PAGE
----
call for a free consultation (855)414-1012

How to List Assets for Divorce

How to List Assets for Divorce

Even an amicable divorce can be a complex matter if a couple has accumulated a lot of assets during their marriage. As you begin the process of dividing these assets, you may have several questions about which assets should be included in the division and which ones are off the table.

Many divorcing couples ask, “How do I prepare my assets for divorce?” A qualified and experienced divorce attorney can help you to list your assets and get everything you’re due, but there are a few tips you should know going into the process.

What Assets Should Be Included in a Divorce?

Let’s start by defining what counts as an “asset.” For the purposes of the division of property, an asset is any item that can be converted into cash, which is to say, anything that has monetary value. This is different from items of sentimental value.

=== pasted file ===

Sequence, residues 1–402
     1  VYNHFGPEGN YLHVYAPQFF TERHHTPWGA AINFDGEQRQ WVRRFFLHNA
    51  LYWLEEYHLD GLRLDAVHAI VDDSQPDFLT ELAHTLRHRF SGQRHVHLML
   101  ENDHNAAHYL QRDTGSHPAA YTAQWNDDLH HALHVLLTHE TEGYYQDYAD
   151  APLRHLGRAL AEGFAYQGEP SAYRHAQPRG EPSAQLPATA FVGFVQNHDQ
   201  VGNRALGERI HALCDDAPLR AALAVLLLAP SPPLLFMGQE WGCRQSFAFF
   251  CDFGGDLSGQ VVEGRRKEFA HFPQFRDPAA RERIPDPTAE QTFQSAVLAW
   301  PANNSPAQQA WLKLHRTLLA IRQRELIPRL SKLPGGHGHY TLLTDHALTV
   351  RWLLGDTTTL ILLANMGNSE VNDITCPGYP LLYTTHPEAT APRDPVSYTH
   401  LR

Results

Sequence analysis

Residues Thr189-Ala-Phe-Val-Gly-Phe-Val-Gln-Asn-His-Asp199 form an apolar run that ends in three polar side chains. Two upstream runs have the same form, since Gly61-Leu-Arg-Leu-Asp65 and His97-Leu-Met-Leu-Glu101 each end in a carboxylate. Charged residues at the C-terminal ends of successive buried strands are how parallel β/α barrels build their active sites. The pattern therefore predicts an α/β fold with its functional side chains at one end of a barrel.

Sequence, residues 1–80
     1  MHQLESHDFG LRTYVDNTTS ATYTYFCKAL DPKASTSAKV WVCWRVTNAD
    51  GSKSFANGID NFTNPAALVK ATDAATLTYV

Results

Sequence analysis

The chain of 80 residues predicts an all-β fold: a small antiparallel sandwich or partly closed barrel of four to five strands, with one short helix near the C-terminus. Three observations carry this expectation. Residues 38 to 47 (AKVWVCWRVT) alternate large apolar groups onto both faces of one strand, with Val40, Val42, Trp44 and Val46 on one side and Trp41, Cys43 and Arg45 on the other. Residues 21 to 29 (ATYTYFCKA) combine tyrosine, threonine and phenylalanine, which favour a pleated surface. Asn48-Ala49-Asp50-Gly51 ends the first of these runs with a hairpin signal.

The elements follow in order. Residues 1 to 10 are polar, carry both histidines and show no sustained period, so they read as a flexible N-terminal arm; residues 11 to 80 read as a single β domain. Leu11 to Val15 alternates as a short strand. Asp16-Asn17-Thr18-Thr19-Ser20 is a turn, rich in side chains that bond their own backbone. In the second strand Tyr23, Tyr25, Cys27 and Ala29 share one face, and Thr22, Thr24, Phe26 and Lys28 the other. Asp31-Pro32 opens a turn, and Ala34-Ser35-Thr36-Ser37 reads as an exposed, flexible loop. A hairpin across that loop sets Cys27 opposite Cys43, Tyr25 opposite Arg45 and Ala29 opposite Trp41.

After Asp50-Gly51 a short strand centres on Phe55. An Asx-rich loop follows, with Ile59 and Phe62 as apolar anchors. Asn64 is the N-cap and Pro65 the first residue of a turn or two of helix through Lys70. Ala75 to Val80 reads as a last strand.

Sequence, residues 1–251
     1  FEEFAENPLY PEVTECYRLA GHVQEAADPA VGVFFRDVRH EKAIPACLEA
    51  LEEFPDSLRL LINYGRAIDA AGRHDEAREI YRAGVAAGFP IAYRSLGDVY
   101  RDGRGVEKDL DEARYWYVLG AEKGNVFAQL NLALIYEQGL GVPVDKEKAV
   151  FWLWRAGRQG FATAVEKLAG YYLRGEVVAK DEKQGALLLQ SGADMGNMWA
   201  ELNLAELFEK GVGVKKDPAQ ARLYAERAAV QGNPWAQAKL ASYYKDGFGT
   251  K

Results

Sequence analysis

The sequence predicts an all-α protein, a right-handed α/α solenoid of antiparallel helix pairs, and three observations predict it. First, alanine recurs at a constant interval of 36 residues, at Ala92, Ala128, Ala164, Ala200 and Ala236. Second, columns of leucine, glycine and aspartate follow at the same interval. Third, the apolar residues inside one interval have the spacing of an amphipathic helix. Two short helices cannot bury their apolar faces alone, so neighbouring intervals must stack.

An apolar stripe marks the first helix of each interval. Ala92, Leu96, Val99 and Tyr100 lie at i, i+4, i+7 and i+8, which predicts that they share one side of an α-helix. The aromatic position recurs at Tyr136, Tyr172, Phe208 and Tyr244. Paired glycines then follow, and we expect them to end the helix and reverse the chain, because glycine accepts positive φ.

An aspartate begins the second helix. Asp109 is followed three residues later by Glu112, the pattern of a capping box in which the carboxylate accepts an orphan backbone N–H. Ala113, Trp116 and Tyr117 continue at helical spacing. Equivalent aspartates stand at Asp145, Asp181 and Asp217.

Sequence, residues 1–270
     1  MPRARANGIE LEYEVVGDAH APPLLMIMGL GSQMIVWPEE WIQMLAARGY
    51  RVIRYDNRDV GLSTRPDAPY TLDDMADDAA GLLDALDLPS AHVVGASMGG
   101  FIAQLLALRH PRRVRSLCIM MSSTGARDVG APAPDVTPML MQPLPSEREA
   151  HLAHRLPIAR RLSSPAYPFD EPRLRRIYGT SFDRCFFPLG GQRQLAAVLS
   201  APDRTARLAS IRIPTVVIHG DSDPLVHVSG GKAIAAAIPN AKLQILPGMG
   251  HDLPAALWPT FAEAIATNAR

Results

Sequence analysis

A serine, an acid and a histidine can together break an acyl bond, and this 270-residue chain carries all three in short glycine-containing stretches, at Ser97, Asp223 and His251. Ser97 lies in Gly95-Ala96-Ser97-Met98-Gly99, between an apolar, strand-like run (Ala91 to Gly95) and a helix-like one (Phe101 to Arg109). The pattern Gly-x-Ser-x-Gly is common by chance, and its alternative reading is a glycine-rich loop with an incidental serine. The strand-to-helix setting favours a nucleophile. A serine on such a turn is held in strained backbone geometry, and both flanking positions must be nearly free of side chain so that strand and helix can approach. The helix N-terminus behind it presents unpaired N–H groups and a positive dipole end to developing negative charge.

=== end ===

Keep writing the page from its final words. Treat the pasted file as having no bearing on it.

Assets could include tangible items, like a house, or actual cash and financial accounts, for example.

When you’re trying to figure out how to list assets for divorce, you’ll want to start with shared assets, also known as community property. This typically includes any assets that you and/or your partner have amassed during the marriage.

In some cases, it may also include items you owned before the marriage but subsequently commingled as part of your joint marital property.

Community assets could include:

  • Financial accounts
  • Investments
  • Real estate
  • Other tangible assets

Below, we’ll explore each of these categories in depth.

Financial Accounts

The average couple has any number of financial accounts that are considered to be community property, starting with joint and personal bank accounts.

You might think that a personal account would remain your own, but if earnings have gone into the account during your marriage and/or you’ve used the account to pay for joint expenses, it is considered to be commingled.

Retirement accounts like a 401K or IRA are also considered to be community property, but only the portion that was earned during the marriage.

Anything added to the account prior to marriage is not a marital asset. Credit cards fall under the heading of community property, as well, but on the debt side of the equation.

Investments